The Witch of Blackbird Pond

Thursday, May 29, 2014

The Witch of Blackbird Pond
by Elizabeth George Speare
This young adult historical fiction novel is a well-loved favorite for many, but I somehow missed it when I was young. Kit is an orphaned girl who travels from her home in Barbados to Connecticut in 1687. She moves in with her aunt and uncle, but her strong-willed nature makes the adjustment to their Puritan way of life difficult. Her arrival brings her to New England in the midst of the Salem witch trials, when the slightest variation from normal meant you might be accused of being a witch.
Kit meets and befriends Hannah, an older woman who is outcast from the local society. She’s also being courted by the small community’s eligible bachelor and she gets to know Nat, the son of a local sailor. There is a great reference to Shakespeare's Tempest, which was awesome.
I loved this story and I badly wish I’d read this one when I was young. It’s the exact kind of book I thrived on when I was in about fourth grade. It reminds me so much of “The True Confessions of Charlotte Doyle,” one of my favorites at that age. It’s a wonderful blend of history and a great story.
BOTTOM LINE: A great story with pieces of history and life lessons tossed in for good measure. This one is definitely going on the shelf to be shared with others in the future.


Anonymous said...

I loved this one as a young teen. I recently picked up The Bronze Bow and The Sign of the Beaver, by the same author, at a library book sale for $0.25 each. :D
One benefit to reading this now is picking up on The Tempest reference - that's certainly not something I would've gotten when I read this book 20 years ago.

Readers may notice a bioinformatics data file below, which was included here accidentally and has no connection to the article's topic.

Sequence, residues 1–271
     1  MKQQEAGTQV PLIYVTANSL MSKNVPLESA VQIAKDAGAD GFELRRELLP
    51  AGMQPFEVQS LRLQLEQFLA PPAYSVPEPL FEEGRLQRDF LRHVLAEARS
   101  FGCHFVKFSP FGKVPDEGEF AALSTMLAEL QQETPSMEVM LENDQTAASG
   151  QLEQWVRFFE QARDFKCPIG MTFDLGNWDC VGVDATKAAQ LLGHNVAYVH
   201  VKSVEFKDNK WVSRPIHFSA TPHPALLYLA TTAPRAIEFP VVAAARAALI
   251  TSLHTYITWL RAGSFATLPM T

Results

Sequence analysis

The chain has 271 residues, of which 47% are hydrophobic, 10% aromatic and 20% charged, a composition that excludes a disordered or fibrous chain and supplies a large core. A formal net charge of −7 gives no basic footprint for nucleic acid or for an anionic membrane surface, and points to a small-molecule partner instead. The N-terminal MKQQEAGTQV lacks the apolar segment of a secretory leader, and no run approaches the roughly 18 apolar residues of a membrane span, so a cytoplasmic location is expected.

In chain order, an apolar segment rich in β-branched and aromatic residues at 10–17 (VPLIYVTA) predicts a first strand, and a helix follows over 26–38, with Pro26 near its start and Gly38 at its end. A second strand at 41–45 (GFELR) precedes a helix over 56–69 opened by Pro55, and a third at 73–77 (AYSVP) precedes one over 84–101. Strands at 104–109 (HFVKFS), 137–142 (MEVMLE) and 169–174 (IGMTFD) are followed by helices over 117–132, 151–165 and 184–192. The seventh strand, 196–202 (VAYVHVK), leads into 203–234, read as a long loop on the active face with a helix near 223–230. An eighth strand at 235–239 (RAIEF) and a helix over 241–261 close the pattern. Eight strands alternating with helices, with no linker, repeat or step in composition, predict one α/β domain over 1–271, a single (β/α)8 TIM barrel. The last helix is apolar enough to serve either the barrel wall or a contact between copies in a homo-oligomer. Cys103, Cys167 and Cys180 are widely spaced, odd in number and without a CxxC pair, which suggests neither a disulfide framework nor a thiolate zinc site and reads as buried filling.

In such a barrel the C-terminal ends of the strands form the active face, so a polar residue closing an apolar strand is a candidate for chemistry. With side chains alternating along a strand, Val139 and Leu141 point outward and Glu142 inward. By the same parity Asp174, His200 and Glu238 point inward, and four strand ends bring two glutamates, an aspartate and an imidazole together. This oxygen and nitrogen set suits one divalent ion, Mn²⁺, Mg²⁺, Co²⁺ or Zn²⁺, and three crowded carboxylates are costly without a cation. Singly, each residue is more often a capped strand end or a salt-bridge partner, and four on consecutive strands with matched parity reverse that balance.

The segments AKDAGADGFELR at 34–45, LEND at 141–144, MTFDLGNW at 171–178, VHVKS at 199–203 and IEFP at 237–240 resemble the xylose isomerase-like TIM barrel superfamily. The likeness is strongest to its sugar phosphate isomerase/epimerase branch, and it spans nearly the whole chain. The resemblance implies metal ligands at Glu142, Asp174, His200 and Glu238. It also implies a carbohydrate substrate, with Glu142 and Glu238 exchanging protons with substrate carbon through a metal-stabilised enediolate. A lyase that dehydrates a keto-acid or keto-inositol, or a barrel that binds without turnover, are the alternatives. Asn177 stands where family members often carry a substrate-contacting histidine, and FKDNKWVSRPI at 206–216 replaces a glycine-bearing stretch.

Kat @ NoPageLeftBehind said...

This was one of my faves growing up. Kit is such a fantastic heroine!

Trish @ Love, Laughter, Insanity said...

Another one to add to my list of books for one day! I've heard of it but I haven't read it either.

Melissa (Avid Reader) said...

abibliophilesstyle - I loved The Tempest references and I'm such a fan of authors who don't dumb things down for a younger audience.

Kat - I wish I'd read it when I was young, but I still like it.

Trish - Maybe you could even save it until your daughters are older and then read it with them. That would be so fun!

Trish -

Anonymous said...

I remember loving this book as a kid. I think my English class read it in 5th grade. I can't wait until my kids read it!

Melissa (Avid Reader) said...

misfortuneofknowing - Fifth grade would be a perfect age for this!

Allison said...

I agree with you on every level - I read this a year or two ago for the first time and was so angry at myself for not having picked it up when I was younger!

Kelly said...

I read this one when I was in 3rd grade, and it has remained a favorite since then. I do think it's time for a reread though!!

Jeanne said...

I also missed this one when I was young, but I read it when looking for books with my kids, and all three of us liked it.
We were playing a game on a long car trip this weekend where we take a title and describe what would be in the YA book about it. This title is very much like some we were using (from signs along the road).

Melissa (Avid Reader) said...

Allison - I guess that just means we need to push it on young kids to read now!

Kelly - The books we read when we're young stay with us for so long!

Jeanne - Ha, I love that roadtrip idea!